"That's the general impression I have."
"Come on," Ann pulled up the blanket. "Let's greet the new year tomorrow."
"Sounds like a plan," Leslie said, and a minute later, Ann was asleep again.-
Ann Perkins, in front of a snowy, pre-dawn landscape: So, it's four o'clock in the morning. The big groundhog watch starts at dawn, so we're on the pre-groundhog watch watch, to make sure that the groundhog is in his hole, and isn't dead, or drunk...Apparently Pawnee has a really terrible track record with this. But I think this year might just take the cake.
Ann looked up at the sound of crunching gravel and hoped like hell that the approaching footsteps belonged to Ron Swanson. If anyone could handle this situation, it would be Ron.
Instead, Andy and April appeared, hiking through the trees with either great enthusiasm or complete antipathy, depending on which face you looked at.
Ann's shoulders drooped in disappointment, but she told herself to stand tall once more. Today called for steely determination, and sacrifice, and maybe she was starting to take this all a little too seriously, because after all it's just Groundhog Day.
"Hey Andy, April," she said.
"Hey," April added. "You look terrible."
"Thank you, for that sweet comment," Ann said. "I'm really tired, and I'm sure you guys are too, but Leslie really needs all hands on deck right now."
"Really? I figured there was a party going on out here," April said. "On account of the billion 'SOS' text messages I got at four o'clock this morning. In the AM. Which is a beautiful time to be woken up."
"Ah, come on, babe," Andy said. "It's kind of nice. We can watch the sunrise together."
"I hate sunrises," April answered. "They're disgusting, so bright and colorful and cheery. It's offensive."
"Isn't she cute in the mornings?" Andy asked Ann. When Ann just raised an eyebrow, Andy showed a modicum of self-awareness and cleared his throat. "So where is Leslie, anyway? I kinda figured she'd be leading the charge on this whole thing."
Ann nodded. "She's hunting."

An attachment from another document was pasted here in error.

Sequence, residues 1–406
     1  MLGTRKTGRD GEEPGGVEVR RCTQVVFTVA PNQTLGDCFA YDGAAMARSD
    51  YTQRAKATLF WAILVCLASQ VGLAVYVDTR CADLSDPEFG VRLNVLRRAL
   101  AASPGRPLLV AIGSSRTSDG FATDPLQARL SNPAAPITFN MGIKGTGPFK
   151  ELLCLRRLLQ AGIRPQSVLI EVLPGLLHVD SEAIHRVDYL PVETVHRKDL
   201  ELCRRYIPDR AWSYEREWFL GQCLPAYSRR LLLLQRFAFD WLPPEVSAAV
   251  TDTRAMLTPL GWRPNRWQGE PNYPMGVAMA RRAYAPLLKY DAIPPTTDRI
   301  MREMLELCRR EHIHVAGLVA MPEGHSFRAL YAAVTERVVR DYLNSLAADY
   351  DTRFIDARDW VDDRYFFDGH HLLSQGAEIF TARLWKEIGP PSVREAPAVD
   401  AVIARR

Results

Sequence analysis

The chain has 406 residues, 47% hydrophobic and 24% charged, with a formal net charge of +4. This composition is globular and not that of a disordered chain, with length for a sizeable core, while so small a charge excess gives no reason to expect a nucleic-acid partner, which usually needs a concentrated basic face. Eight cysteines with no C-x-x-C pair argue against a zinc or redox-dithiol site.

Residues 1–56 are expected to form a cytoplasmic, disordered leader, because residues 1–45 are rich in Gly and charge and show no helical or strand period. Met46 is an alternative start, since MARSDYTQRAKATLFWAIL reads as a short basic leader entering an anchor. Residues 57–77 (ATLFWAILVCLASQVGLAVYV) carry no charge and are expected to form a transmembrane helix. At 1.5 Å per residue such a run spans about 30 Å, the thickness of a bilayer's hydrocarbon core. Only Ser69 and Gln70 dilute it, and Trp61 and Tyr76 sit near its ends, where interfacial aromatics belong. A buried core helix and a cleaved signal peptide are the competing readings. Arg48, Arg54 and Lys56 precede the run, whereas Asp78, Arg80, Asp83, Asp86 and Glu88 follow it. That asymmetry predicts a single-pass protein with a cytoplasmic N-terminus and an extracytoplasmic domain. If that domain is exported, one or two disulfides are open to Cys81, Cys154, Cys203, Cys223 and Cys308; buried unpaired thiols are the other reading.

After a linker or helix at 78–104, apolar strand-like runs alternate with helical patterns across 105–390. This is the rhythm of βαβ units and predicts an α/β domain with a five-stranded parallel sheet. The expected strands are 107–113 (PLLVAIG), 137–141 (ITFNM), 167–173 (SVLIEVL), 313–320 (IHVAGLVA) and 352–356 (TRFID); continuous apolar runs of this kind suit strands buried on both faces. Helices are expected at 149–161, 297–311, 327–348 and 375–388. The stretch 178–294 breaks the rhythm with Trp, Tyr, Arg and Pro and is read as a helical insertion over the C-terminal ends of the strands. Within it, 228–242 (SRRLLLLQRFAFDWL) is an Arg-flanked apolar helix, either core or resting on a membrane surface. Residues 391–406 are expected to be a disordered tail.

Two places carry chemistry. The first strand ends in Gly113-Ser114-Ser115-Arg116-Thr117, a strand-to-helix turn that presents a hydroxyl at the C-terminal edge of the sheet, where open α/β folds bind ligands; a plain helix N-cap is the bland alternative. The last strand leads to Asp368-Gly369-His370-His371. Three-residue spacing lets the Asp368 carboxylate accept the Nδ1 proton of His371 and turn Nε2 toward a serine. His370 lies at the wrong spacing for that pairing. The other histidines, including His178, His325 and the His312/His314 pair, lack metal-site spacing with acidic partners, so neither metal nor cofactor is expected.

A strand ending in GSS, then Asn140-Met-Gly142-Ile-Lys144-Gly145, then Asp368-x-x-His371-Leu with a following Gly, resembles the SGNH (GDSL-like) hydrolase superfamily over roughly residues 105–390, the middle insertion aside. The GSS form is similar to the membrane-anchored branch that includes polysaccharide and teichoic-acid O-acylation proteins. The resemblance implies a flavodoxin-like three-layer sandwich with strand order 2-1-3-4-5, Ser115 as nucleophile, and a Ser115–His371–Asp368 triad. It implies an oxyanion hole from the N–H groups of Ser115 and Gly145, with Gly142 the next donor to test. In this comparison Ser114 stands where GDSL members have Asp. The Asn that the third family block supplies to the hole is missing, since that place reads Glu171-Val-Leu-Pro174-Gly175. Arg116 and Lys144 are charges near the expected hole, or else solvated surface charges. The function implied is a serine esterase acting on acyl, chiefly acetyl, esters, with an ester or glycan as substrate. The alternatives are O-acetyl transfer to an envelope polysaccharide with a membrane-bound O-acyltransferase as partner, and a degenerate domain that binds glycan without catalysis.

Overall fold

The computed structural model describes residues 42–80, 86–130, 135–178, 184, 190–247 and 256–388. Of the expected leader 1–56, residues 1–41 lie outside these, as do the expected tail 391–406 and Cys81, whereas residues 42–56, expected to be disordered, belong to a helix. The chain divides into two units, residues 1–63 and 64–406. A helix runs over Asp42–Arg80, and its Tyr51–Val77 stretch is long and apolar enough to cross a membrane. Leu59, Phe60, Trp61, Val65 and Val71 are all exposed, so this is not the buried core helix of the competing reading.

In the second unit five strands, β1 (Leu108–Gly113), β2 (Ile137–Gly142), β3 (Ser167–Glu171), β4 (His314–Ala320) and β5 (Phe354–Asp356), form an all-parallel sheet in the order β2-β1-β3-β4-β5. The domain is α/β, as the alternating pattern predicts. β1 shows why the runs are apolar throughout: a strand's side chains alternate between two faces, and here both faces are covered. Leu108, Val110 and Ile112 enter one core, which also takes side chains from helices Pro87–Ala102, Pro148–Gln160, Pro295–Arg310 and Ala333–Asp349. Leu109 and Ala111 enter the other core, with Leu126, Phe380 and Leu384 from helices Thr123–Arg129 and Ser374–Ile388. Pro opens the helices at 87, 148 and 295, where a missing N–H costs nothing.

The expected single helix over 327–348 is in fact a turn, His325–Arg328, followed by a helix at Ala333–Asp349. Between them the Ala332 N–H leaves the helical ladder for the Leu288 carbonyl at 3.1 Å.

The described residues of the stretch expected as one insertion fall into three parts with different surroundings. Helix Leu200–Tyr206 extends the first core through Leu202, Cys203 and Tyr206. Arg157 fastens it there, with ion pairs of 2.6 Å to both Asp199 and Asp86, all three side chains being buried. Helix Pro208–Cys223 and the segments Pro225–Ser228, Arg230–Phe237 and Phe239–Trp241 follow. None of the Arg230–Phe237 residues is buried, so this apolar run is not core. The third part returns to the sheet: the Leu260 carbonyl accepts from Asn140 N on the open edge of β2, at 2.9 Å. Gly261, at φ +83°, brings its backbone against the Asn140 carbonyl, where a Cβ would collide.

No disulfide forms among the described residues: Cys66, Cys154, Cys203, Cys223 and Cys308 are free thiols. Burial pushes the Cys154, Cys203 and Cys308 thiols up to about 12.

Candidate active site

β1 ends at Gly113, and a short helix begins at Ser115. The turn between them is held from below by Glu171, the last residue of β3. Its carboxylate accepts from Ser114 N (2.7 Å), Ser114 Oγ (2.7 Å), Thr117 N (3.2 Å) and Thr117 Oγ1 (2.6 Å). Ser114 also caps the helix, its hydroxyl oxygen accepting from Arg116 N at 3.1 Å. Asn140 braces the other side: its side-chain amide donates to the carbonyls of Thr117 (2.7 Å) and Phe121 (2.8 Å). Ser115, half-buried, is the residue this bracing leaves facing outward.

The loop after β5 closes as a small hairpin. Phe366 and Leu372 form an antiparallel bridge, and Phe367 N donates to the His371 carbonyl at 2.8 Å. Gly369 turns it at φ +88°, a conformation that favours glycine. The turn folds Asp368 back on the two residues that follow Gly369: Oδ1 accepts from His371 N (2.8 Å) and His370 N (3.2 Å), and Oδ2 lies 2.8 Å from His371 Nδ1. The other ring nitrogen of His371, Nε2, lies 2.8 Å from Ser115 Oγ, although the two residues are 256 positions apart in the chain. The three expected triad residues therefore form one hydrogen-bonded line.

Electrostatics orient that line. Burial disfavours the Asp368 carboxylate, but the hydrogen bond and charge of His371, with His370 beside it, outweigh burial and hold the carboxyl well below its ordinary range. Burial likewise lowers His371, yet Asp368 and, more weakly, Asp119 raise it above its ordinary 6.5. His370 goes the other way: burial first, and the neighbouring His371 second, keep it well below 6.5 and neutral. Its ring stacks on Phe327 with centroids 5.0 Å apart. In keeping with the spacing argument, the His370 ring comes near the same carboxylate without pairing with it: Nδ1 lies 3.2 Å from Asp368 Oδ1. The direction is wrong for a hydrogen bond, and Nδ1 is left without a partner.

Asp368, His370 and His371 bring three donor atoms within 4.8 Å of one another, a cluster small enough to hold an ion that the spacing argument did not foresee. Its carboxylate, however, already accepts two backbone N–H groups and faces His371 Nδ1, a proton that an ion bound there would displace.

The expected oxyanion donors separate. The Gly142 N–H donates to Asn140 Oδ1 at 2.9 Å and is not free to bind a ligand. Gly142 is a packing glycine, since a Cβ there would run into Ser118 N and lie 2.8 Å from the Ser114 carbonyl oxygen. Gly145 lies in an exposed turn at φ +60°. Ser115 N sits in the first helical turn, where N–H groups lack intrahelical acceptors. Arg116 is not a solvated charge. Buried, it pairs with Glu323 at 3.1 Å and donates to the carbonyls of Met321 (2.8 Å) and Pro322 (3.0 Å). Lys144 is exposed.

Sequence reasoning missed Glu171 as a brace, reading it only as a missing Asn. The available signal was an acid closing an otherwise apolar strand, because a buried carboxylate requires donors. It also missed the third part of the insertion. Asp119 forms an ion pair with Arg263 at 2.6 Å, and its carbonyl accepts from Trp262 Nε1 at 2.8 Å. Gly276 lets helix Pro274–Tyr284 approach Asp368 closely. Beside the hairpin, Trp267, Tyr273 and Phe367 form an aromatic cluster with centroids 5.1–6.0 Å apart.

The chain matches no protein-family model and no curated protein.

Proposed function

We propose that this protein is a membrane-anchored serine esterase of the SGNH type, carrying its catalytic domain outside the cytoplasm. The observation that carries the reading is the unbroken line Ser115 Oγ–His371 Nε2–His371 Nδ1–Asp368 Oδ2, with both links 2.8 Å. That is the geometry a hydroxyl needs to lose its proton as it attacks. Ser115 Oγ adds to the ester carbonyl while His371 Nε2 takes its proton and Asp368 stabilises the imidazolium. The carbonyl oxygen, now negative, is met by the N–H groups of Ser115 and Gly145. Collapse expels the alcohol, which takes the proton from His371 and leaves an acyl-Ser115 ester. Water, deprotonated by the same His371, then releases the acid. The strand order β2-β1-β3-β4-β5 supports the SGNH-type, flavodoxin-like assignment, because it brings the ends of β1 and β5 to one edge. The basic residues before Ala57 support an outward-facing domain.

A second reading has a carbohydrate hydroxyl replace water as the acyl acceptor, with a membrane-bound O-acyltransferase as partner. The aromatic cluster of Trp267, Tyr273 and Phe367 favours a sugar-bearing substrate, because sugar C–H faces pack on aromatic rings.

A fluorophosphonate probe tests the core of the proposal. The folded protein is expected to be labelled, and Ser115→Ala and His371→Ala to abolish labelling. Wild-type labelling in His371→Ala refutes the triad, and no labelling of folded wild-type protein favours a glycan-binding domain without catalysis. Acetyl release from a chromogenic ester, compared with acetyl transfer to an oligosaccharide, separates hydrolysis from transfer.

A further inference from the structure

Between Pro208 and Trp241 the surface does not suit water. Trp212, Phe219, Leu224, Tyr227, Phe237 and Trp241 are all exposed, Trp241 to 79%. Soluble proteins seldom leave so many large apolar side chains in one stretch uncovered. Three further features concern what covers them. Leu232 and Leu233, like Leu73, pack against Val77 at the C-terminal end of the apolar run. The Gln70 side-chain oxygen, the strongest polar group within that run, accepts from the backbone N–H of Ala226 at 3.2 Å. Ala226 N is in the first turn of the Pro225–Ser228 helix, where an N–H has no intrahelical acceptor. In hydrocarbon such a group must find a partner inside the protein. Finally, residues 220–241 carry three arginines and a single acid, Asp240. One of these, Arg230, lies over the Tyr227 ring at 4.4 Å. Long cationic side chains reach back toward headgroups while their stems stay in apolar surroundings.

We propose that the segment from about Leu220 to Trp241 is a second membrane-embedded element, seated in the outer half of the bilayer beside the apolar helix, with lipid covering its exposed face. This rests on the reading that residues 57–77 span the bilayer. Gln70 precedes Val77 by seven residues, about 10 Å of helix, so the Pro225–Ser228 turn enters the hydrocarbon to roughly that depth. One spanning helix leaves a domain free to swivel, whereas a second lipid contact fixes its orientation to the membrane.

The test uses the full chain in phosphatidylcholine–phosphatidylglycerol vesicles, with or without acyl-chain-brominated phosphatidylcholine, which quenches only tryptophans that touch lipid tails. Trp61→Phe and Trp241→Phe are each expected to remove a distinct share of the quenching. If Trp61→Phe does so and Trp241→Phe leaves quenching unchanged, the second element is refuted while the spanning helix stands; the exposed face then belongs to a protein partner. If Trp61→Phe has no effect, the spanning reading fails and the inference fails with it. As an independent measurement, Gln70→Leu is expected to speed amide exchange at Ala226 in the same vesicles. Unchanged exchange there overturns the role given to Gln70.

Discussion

"Hunting? Hunting what?"
"This conversation just got like fifty times more interesting," April said. "Do I get a gun?"
Ann sighed. "No." She turned to Andy. "Leslie's hunting people."
Leslie Knope, in the middle of the snow-covered forest, whispering: I've found a trail. I think it's a trail, I can't see too well. There's definitely a lot of footprints, and a distinct smell of hippie.
[she scowls manically, shakes her head; her pigtails bounce back and forth against her face]
When I catch those peace-loving animal rights activists, they're going to get it. I don't know what, exactly. But it'll teach them not to love nature, that's for sure.
Ann was trying to persuade Andy to take his sunglasses off, insisting that "Bert Macklin, FBI" didn't need to work on this case, when Ben arrived. He looked – well, like a government bureaucrat lost in the woods and hugely concerned about where he'd get enough caffeine to keep going.
Ann handed Ben one of the many thermoses of coffee Leslie had prepared and wondered why she didn't know more lumberjacks, or hikers, or even just guys who knew what trees looked like before they became paper.
"Thanks for coming out, Ben," Ann said. "We have a problem."
"Let me guess," Ben said. "One of the crazy fringe groups in Pawnee that seem to spring out of nowhere when its least convenient kidnapped the groundhog to make a statement about animal cruelty, so Leslie's trying to track them down and make them return the groundhog, meanwhile, if we can't find the groundhog in time, the ceremony's going to be ruined and Pawnee Today is going to blame it on the Parks and Rec department."
"Leslie told you already?"
"Yeah, she texted me the whole thing. It took like forty texts. Remind me to send her my cell phone bill for the month."
Ann adopted a tough persona. "Suck it up, Wyatt."
"Seriously," April said, helping herself to a thermos that was helpfully labeled 'Hot Cocoa' with three smiley faces. "Who doesn't have unlimited texting?" she added, and Ann suddenly knew, in a flash, that Ben Wyatt was going to get an unending stream of texts from April, typed and sent with no purpose other than messing with him.
She felt a little bad for the guy. But just a little. "Leslie's looking for our abducted groundhog," Ann said. "But if she can't find him, we have to find another one."